With this sudden resurgence in the popularity of zombies at the end of the 90’s, it wouldn’t be until the early 2000’s that another tectonic shift would take place. This time, it would be across all forms of media, and the zombie would take popular culture by storm.
The Zombie in the 2000’s
At the start of the new millennium, zombies continued their slow chug against the world, in the form of novels, video games and movies, but a change was coming, something that would surprise and delight the world, thanks to director Danny Boyle in 2002.
Filmed on a modest budget of $8 million dollars, 28 Days Later significantly changed the way the world viewed the zombie. No longer were the creatures slow shambling corpses, now they were super-fast, rage filled humans, bent on destruction. It was the first time that an ‘infected human’ moved at such a speed, and it delighted movie goers. The film brought in nearly $85 million dollars worldwide and is considered to be a critical success. It led to the 2000’s having the most zombie film releases of any decade, many of which went on to commercial success, including five films based off of the Resident Evil game series and three more sequels to Night of the Living Dead.
Not to be outdone by film, in 2003, zombies in print were about to explode. On September 16th of that year, Max Brooks’ Zombie Survival Guide was released to the world and landed on the New York Times bestsellers list. The book itself is a manual dealing with how to survive if there was a zombie attack. The book was the start of the explosion of novels featuring zombies, with Max Brooks writing another novel, World War Z in 2007. However the greatest success story in zombie history would be made only a few weeks after the release of Zombie Survival Guide, and it would change everything.
Written by Robert Kirkman, The Walking Dead shambled its way onto comic book store shelves in October of 2003 and became an absolute monster. It focuses on the story of Rick Grimes, a deputy who is shot and awakens from a coma to the devastation of a zombie apocalypse. As the comic series continued its success, it spilled over into every form of entertainment imaginable, including a hit T.V. series, and a spin-off, novelizations, video games, toys, conventions, etc. As far as the genre is concerned, The Walking Dead is now the de facto standard for anything zombie related.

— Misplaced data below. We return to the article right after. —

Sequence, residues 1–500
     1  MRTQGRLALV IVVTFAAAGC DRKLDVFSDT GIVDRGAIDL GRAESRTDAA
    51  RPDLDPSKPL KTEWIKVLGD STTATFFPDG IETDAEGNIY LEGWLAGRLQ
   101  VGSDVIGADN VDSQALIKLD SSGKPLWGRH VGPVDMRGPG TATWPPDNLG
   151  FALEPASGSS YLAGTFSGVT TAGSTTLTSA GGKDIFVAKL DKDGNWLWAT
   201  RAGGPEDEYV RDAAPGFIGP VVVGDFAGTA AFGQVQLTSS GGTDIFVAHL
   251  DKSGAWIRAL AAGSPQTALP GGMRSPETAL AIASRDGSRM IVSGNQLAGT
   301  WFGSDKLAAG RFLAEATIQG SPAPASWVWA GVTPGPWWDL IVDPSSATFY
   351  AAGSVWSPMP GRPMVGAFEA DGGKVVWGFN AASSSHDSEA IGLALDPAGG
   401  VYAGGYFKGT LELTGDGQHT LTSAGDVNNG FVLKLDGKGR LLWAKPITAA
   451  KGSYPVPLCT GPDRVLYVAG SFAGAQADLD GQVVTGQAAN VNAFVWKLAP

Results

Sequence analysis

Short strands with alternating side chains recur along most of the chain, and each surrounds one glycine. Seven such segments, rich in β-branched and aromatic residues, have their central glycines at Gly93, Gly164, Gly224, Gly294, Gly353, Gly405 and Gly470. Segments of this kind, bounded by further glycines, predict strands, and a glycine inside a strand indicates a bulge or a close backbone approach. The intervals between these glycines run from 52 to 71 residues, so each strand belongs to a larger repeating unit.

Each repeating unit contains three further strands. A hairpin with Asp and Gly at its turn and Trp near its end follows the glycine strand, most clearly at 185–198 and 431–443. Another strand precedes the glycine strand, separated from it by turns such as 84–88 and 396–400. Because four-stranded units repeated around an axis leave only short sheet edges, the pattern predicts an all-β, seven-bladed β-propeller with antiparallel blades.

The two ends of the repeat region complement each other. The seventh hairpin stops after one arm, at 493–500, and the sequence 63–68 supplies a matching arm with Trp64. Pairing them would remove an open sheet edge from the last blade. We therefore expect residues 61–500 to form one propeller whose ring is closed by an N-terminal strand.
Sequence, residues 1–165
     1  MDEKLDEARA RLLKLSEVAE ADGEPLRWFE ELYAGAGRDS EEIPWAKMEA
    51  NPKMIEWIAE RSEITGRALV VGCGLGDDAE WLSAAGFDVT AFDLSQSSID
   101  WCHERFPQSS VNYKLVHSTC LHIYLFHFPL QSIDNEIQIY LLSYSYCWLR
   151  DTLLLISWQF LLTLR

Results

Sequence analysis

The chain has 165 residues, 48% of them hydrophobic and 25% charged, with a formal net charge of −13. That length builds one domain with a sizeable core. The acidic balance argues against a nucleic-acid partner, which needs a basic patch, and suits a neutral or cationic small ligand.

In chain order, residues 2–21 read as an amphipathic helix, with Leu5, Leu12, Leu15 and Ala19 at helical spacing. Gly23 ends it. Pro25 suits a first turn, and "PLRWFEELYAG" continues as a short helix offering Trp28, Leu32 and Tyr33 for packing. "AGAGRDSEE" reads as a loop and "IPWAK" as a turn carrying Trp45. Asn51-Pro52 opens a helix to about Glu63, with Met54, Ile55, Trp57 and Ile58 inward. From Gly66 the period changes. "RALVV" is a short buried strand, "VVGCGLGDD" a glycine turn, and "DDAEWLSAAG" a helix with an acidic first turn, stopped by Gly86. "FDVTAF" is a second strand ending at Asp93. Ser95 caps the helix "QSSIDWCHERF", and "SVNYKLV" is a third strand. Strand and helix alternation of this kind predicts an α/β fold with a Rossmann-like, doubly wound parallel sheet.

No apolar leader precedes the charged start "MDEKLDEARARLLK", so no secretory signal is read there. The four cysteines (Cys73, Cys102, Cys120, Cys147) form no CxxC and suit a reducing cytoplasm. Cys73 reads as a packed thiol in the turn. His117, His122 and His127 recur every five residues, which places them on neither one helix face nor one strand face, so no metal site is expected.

With successes spreading across all forms of entertainment, it is no wonder that television has now opened its doors to the zombie. With shows including IZombie and Z Nation becoming major hits, it seems that the lowly zombie has risen to the top of the monster list and has taken over the world. No longer are zombies relegated to slow moving, speechless corpses. They can now be intelligent, witty, funny, speaking creatures that occasionally reach for a brain sandwich for lunch. However that doesn’t mean that the zombie is not giving a commentary on the state of the world today.
If we stop and look around once in a while, what do we see? Technology has taken over the world. As our phones got smarter, our attention spans drifted and we shut the world out almost completely. While Night of the Living Dead gave us commentary on race relations, and Dawn of the Dead was commentary on consumerism, we could interpret the world today as living in a ‘zombie-like’ state. Remember, the zombie is a shambling, unspeaking creature incapable of rational thought. How is that any different than any of us with our heads in our phones as we shamble along the sidewalks and streets of our towns or cities, unspeaking, and unaware of any dangers that exist outside of that glowing screen? As a nation, or a species, we have taken over the mantle of zombie, be it in our phones, meandering through our jobs or binge-watching our favorite new show. As humans have we evolved or devolved as zombie culture continues to elevate itself?
Popular as ever, the zombie does not seem to be going the way of the dinosaur anytime soon. We are continually deluged with all sorts of entertainment to snack on, and it seems that many of us, really don’t want to give it up. If we are continued to be given the same high value for our buck, why should it go away? Could a new monster phenomenon be on the horizon? Only time will tell.